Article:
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Abstract:The multiplicative weights method is an algorithm for the problem of prediction with expert advice. It achieves the minimax regret asymptotically if the number of experts is large, and the time horizon is known in advance. Optimal algorithms are also known if there are exactly two or three experts, and the time horizon is known in advance. In the anytime setting, where the time horizon is not known in advance, algorithms can be obtained by the doubling trick, but they are not optimal, let alone practical. No minimax optimal algorithm was previously known in the anytime setting, regardless of the number of experts. We design the first minimax optimal algorithm for minimizing regret in the anytime setting. We consider the case of two experts, and prove that the optimal regret is $\gamma \sqrt{t} / 2$ at all time steps $t$, where $\gamma$ is a natural constant that arose 35 years ago in studying fundamental properties of Brownian motion. The algorithm is designed by considering a continuous analogue, which is solved using ideas from stochastic calculus.

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Abstract:We consider stochastic gradient descent algorithms for minimizing a non-smooth, strongly-convex function. Several forms of this algorithm, including suffix averaging, are known to achieve the optimal $O(1/T)$ convergence rate in expectation. We consider a simple, non-uniform averaging strategy of Lacoste-Julien et al. (2011) and prove that it achieves the optimal $O(1/T)$ convergence rate with high probability. Our proof uses a recently developed generalization of Freedman's inequality. Finally, we compare several of these algorithms experimentally and show that this non-uniform averaging strategy outperforms many standard techniques, and with smaller variance.

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Abstract:Consider the problem of minimizing functions that are Lipschitz and strongly convex, but not necessarily differentiable. We prove that after $T$ steps of stochastic gradient descent, the error of the final iterate is $O(\log(T)/T)$ with high probability. We also construct a function from this class for which the error of the final iterate of deterministic gradient descent is $\Omega(\log(T)/T)$. This shows that the upper bound is tight and that, in this setting, the last iterate of stochastic gradient descent has the same general error rate (with high probability) as deterministic gradient descent. This resolves both open questions posed by Shamir (2012). An intermediate step of our analysis proves that the suffix averaging method achieves error $O(1/T)$ with high probability, which is optimal (for any first-order optimization method). This improves results of Rakhlin (2012) and Hazan and Kale (2014), both of which achieved error $O(1/T)$, but only in expectation, and achieved a high probability error bound of $O(\log \log(T)/T)$, which is suboptimal. We prove analogous results for functions that are Lipschitz and convex, but not necessarily strongly convex or differentiable. After $T$ steps of stochastic gradient descent, the error of the final iterate is $O(\log(T)/\sqrt{T})$ with high probability, and there exists a function for which the error of the final iterate of deterministic gradient descent is $\Omega(\log(T)/\sqrt{T})$.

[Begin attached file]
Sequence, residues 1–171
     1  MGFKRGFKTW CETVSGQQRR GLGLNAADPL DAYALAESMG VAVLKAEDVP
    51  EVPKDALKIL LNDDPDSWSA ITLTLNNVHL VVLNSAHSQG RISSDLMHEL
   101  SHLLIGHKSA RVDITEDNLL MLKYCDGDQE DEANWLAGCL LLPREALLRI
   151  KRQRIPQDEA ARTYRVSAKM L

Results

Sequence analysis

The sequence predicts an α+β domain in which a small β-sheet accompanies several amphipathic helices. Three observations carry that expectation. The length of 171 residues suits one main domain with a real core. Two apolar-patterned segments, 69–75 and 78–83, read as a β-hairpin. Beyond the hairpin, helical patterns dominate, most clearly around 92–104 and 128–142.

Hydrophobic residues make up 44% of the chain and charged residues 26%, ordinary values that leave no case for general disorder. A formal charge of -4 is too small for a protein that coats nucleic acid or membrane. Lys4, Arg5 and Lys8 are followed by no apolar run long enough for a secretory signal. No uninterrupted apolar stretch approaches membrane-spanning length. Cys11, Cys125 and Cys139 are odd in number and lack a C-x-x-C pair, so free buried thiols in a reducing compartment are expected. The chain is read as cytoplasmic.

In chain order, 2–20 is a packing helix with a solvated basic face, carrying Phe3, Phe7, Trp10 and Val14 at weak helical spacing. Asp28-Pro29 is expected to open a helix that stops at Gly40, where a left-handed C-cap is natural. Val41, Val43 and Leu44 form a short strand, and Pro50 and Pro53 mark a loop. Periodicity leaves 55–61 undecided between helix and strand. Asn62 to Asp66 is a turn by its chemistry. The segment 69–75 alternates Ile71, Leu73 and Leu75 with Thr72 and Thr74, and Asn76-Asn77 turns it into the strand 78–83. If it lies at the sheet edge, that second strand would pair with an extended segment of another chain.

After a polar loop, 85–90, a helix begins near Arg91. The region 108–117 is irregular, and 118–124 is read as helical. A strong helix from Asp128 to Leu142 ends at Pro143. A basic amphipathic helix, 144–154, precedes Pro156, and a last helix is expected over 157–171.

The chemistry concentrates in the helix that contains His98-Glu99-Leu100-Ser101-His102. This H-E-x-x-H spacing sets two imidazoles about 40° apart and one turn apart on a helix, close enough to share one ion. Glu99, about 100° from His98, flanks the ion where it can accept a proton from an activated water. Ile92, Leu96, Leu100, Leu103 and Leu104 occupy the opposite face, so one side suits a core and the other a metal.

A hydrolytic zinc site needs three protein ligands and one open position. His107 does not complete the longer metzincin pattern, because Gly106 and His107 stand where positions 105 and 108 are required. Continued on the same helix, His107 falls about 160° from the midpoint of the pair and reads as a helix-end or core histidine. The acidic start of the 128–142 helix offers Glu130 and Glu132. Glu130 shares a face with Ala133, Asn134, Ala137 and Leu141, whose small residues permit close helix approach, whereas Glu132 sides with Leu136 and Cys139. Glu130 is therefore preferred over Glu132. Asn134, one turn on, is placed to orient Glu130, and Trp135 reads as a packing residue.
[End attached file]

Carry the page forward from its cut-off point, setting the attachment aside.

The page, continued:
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Abstract:Submodular functions are discrete functions that model laws of diminishing returns and enjoy numerous algorithmic applications. They have been used in many areas, including combinatorial optimization, machine learning, and economics. In this work we study submodular functions from a learning theoretic angle. We provide algorithms for learning submodular functions, as well as lower bounds on their learnability. In doing so, we uncover several novel structural results revealing ways in which submodular functions can be both surprisingly structured and surprisingly unstructured. We provide several concrete implications of our work in other domains including algorithmic game theory and combinatorial optimization. At a technical level, this research combines ideas from many areas, including learning theory (distributional learning and PAC-style analyses), combinatorics and optimization (matroids and submodular functions), and pseudorandomness (lossless expander graphs).